Lipstick Under My Burkha
Directed by Alankrita Shrivastava
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The women’s film still gets a bad rap. An extensive examination of its various histories and traditions reveals its vital subversive work in representing women’s inner desires and ambitions. In her sophomore project, director Alankrita Shrivastava carries on this important tradition in this indie comedy-drama which examines the intersecting lives of four different women living in Bhopal, a small town representative of contemporary, rural India. Despite extolling itself as a free and democratic country in step with Western industrialized nations, India’s patriarchal culture persists and Shrivastava explores this regressive reality through the individual challenges faced by college student and aspiring pop singer Rehana, engaged beautician Leela, neglected housewife and saleswoman Shirin, and pious, middle-aged widow ‘Auntie’ Usha. Each woman plays a “role” in their community, family, and in their own minds but it represents but one facet of their complex lives. Their respective transgressions highlight their attempts to break free of these fixed “roles.”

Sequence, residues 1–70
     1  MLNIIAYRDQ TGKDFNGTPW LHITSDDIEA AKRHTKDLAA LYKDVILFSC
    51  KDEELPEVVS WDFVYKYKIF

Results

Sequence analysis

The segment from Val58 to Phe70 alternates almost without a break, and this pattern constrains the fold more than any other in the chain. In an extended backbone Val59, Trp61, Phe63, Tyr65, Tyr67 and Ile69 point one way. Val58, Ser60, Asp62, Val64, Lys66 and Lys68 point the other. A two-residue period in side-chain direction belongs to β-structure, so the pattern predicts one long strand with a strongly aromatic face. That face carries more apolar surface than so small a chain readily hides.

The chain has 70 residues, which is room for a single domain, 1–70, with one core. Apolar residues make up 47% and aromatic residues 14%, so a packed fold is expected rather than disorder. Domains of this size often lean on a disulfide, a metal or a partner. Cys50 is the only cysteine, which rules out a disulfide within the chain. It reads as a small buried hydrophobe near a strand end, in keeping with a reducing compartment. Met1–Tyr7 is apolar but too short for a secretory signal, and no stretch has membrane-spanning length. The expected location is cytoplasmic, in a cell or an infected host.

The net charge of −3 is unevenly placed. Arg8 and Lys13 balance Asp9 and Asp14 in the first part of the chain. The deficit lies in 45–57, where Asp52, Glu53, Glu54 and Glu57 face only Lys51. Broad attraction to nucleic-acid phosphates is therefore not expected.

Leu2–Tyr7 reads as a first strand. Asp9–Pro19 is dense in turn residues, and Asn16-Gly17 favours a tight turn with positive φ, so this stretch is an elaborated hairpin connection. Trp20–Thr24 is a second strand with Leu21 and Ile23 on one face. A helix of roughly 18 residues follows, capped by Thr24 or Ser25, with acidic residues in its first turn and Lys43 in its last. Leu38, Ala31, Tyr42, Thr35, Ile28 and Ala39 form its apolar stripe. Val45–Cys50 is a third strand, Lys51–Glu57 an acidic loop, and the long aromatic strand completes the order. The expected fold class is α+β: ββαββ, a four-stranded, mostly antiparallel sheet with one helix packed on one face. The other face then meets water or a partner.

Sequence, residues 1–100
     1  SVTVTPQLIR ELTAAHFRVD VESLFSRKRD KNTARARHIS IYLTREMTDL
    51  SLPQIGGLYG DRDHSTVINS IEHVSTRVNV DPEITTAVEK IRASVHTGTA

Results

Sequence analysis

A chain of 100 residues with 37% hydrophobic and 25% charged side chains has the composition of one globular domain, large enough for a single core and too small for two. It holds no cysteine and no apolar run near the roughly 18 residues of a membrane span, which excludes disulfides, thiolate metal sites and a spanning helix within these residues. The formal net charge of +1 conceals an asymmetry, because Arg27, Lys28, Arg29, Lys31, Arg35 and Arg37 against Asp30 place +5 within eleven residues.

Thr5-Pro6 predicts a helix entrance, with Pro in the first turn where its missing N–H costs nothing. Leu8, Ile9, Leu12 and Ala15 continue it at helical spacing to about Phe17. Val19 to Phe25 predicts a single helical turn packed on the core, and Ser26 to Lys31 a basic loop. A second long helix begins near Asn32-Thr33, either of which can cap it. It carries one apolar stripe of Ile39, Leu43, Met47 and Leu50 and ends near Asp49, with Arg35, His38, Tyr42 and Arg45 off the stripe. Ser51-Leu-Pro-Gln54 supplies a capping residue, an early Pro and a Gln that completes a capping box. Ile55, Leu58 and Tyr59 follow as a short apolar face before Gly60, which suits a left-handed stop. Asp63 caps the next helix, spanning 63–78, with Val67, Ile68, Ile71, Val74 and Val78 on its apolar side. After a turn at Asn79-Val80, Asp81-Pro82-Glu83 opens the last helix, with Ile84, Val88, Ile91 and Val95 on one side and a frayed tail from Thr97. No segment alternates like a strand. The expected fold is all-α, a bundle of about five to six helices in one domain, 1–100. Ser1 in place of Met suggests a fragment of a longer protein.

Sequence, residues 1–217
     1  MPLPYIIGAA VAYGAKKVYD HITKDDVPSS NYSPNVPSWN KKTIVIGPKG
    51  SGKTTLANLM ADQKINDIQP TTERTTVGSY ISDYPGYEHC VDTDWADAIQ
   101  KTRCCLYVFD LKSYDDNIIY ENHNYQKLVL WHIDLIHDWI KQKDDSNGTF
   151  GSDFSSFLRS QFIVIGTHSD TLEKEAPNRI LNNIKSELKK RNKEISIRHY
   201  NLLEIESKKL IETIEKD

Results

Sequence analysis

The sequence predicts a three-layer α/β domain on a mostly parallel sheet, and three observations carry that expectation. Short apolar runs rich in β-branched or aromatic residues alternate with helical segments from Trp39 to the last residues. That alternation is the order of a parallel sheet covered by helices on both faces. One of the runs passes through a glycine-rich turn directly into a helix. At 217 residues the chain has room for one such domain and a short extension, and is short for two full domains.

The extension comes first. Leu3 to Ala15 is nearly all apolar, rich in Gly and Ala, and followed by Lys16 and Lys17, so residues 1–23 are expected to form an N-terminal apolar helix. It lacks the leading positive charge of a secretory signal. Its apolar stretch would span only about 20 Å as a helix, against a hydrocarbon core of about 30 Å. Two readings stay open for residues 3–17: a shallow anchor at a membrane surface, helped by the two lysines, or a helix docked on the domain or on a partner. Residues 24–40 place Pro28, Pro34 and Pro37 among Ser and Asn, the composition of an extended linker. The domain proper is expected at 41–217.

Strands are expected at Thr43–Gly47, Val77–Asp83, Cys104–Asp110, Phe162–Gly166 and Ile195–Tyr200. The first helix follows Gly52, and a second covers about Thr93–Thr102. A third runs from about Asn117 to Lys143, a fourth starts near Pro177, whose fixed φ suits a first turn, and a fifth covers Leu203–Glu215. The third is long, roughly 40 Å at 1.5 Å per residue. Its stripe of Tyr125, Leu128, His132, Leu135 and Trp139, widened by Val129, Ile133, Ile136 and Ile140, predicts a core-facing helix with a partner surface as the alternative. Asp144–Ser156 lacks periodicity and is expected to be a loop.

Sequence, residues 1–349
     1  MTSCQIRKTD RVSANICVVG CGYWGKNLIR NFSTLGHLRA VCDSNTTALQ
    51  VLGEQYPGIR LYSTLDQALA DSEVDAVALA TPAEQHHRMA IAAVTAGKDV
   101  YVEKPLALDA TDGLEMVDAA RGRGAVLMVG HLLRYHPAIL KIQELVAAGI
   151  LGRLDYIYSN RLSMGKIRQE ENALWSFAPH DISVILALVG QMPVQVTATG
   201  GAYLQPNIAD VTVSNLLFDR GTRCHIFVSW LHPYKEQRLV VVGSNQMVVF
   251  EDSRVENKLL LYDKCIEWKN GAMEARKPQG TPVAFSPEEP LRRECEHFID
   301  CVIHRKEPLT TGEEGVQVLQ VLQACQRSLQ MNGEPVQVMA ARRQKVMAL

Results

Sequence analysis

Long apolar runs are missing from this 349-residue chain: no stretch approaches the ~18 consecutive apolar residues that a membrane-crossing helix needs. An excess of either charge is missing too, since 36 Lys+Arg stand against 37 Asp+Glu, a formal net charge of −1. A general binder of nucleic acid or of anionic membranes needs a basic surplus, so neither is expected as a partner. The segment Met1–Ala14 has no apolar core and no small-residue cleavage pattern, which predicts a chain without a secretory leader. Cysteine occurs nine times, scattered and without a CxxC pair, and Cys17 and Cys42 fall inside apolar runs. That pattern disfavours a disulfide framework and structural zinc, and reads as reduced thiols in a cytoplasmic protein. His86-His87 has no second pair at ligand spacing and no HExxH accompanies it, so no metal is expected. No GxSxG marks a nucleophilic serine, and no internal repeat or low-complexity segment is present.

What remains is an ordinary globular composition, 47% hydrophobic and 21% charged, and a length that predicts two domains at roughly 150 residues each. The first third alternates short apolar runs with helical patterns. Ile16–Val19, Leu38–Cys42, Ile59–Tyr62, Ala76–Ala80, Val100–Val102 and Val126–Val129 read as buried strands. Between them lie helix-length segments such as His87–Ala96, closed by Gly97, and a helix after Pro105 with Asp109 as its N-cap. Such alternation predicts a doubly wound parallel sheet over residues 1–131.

Sporting a burkha and shoplifting a tube of lipstick at the local mall, Rehana sheds this symbol of her Muslim faith before running off to school in jeans and Converses. Forced into a traditional, arranged marriage with upwardly mobile Manoj, Leela carries on a secret affair with photographer Arshad complete with sex tape antics. An abusive, absentee husband and a brood of children to care for, feisty and put upon Shirin takes a job as a salesgirl for Magical Products and quickly ascends the ranks thanks to her natural cleverness and go-getting attitude. Finally, Usha’s loneliness finds a welcome release when she begins ladies’ swimming lessons with hottie coach Jaspal. Imbuing these narrative arcs with both humor and pathos reminiscent of Almodóvar, a mosaic of women’s subjectivities are represented from a distinctively female point of view.
Mainstream global media peddles as its stock and trade benign images of women’s personal lives. In the contemporary Indian cinema and industry, all forms of women’s sexuality continues to be a target for censorship and at press time, the Central Board of Film Certification has refused to clear this indie film for its frank and progressive depiction of female sexual desire. A winner of the Spirit of Asia Prize and the Oxfam Award for Best Film on Gender Equality, this Indian women’s film delights with its defiance of traditional expectations.
— Lindy Leong
Alankrita Shrivastava is a feature film director and screenwriter from Mumbai with a penchant for telling women’s stories. She likes to explore the interior world of women through her films.
Producer: Prakash Jha
Director: Alankrita Shrivastava
Writer: Alankrita Shrivastava
Cinematographer: Akshay Singh
Sound Designer: Rahul Badwelkar
Editor: Charu Shree Roy
Cast: Konkona Sen Sharma, Ratna Pathak Shah, Aahana Kumra